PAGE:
SATs Revision Games

SATs revision is necessary, but some children can find it boring and soon become distracted or demotivated. That’s where revision games come in! When used as one of a number of learning techniques, games can make SATs revision in Year 6 more fun. In this article, we’ve collated some of the best SATs revision games.

 

Book Character Roleplay

 

This is a fantastic game for children who love to perform and be active. Get your child to pick a character from a book to ‘play’ during a fun session of learning. Parents can choose to play another character from the same book, or opt to be a stranger that meets the child’s character for the first time. Ask them questions about themselves, prompting children to remember key facts about the character.

 

This role-playing game can be a lot of fun and can help your child to improve their English comprehension ahead of the Year 6 SATs. Teacher role-playing – in which the child takes on the role of teacher – is also a good revision game for primary school children.

 

Mental Maths Card Games

 

Photo of cards on a table

 

A simple pack of playing cards can provide one of the most versatile SATs revision games for children in Year 6, especially for helping to improve their mental maths. They are fun, informal and are great mental arithmetic practice for SATs. For example, try these revision games using a deck of cards:

 

For addition:

 

Players turn up two/three/four cards in each round. The highest sum wins.

 

For multiplication:

 

Turn up two cards and multiply. Make this more difficult by turning three or four cards over and multiplying.

 

Similar games can also be created to include division and subtraction. As children will be tested on these basic operations in their SATs, it’s important that they feel confident with them heading into the exam.

 

Revision Quizzes

 

Quizzes make excellent revision games for SATs, as they don’t feel like typical revision and can be a lot of fun for both parents and children. To add an element of competition (which many Year 6 children will enjoy), write a selection of questions that relate to the topic your child is currently revising. Write the answers on the back of the same pieces of paper.

 

Mix up the question difficulty and include a few easier questions that will boost your child’s confidence and give them the motivation to try and answer the more difficult questions.

 

Record Key Facts

 

Photo of a boy writing on a notepad

 

If your child is primarily an auditory learner, making a selection of voice recordings can help them to recall information for their SATs. Children can record their revision notes on anything from a dictaphone to a smartphone – essentially, any recording device they can regularly access.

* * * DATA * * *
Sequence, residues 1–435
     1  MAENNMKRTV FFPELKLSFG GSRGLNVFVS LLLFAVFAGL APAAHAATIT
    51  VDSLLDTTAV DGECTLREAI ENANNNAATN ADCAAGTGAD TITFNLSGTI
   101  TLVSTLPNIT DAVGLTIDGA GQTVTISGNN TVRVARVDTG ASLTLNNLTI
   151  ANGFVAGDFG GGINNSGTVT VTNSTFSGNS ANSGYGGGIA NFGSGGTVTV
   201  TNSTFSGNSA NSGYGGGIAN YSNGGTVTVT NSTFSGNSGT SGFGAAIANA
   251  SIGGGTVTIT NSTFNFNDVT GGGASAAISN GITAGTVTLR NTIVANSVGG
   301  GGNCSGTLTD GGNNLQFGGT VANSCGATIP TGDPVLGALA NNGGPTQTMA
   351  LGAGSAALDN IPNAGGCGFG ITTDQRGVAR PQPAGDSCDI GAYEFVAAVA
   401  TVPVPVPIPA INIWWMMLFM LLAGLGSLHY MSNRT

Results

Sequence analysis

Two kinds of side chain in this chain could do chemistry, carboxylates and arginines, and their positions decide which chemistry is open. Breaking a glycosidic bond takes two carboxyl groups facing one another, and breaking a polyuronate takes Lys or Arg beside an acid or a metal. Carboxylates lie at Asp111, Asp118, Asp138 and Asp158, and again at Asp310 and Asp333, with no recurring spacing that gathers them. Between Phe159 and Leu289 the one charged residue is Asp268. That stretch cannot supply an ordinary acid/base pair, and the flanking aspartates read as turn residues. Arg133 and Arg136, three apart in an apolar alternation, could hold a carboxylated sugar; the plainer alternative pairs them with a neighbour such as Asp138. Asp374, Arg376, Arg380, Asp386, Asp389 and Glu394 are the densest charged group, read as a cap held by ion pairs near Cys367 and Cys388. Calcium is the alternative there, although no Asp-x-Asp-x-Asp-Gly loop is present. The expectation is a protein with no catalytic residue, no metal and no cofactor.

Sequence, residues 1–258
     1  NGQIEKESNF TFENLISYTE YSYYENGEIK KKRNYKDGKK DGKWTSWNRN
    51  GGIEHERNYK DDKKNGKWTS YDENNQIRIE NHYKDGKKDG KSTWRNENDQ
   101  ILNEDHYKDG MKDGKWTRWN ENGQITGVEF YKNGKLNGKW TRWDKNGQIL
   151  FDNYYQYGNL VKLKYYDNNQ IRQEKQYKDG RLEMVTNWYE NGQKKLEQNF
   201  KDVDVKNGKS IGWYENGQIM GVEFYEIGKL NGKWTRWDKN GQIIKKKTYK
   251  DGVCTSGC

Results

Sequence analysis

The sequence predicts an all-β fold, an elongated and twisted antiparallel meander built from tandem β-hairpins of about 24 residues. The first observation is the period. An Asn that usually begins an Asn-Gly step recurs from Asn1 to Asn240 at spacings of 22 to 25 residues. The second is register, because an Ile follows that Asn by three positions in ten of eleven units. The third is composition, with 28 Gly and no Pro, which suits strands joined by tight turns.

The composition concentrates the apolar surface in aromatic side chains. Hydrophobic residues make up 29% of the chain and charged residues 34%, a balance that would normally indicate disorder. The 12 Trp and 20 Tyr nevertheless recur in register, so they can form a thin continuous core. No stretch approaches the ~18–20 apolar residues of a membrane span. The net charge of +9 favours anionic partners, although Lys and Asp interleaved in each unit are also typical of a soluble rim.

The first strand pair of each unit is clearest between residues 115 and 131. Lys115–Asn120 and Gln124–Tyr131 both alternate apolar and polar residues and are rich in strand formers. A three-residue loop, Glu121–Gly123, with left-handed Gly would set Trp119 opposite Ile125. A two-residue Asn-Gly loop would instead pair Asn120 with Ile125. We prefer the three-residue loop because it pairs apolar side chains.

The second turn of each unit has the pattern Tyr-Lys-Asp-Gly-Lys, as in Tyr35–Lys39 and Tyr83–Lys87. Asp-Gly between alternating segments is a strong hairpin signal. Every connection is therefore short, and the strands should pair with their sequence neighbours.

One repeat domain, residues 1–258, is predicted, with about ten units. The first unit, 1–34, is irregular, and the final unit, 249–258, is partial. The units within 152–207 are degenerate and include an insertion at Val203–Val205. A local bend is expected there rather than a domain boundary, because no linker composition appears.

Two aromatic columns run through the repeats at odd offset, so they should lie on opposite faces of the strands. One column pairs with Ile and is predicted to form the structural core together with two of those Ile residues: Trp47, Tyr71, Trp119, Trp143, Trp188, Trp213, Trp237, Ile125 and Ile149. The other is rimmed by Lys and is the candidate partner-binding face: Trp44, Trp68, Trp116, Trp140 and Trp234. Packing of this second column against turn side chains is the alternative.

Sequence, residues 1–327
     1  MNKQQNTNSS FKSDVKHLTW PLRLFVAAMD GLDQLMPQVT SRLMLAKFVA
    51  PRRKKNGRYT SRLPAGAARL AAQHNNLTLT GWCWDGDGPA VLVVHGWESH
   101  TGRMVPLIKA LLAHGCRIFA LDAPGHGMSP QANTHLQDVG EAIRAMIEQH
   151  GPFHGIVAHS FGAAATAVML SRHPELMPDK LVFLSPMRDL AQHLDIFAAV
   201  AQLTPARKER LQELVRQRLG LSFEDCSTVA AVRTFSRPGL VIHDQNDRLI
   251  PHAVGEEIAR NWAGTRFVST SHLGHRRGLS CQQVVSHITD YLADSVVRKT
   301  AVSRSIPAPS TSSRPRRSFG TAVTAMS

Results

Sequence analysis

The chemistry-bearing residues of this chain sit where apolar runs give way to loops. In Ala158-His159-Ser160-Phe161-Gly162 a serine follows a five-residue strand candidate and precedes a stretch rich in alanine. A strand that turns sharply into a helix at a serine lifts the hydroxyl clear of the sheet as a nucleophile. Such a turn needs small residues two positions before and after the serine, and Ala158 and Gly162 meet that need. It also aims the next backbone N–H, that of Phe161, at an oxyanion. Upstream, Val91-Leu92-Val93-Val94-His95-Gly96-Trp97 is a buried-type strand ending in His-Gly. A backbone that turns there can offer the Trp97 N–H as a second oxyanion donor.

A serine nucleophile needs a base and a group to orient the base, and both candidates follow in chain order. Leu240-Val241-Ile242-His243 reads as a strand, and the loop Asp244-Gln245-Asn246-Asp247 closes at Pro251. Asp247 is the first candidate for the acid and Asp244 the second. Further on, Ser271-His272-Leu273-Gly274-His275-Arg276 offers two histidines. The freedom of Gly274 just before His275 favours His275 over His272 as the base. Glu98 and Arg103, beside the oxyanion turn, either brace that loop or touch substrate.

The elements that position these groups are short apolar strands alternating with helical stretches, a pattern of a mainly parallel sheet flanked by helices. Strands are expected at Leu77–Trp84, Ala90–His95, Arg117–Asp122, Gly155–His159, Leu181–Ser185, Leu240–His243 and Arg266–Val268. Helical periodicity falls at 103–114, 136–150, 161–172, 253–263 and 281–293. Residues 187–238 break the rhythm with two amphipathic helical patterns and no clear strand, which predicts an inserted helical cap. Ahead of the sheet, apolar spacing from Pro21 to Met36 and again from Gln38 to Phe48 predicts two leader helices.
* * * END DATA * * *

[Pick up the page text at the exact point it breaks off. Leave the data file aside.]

Voice recordings are best used when your child finds it difficult to get motivated. Get them to listen to their recordings as a way of kickstarting their revision session. While we wouldn’t recommend this type of passive learning for all SATs revision, it will teach children to retain and recall information on exam day.

 

Flashcard Spelling Game

 

For Year 6 SATs, your child will have to demonstrate a solid grasp of English vocabulary and spelling, making this flashcard game a must when revising for the SATs.

 

The game is best used for words your child consistently struggles with. Create flashcards with all the words on their ‘must practice’ list. Once they’ve created all the flashcards, test them on their spelling by having them write the word down or speaking it aloud.

 

Revise Against the Clock

 

Photo of an egg timer

 

If your child is struggling to concentrate during their SATs revision sessions, the Egg Timer Game (also known as the Pomodoro Technique) offers your child an incentive at the end of a dedicated, previously-agreed, revision period.

 

Set some goals with your child and assign a specific reward for when each period is complete. This reward needn’t be anything big, or expensive – for example, for every 20 minutes of uninterrupted revision, your child gets 10 minutes to play in the garden or chat to their friends online.

 

Although this is a good game for Year 6 SATs revision, children must understand that its aim is to improve their knowledge and learning ahead of the SATs – not simply an opportunity to receive treats.

 

When used as part of a wider revision programme, SATs revision games for Year 6 are a useful development tool, so if your child responds well to them, make time to include them in their revision sessions.

 

Related posts:

SATs Revision Made Easy

SATs Preparation in Year 6

 

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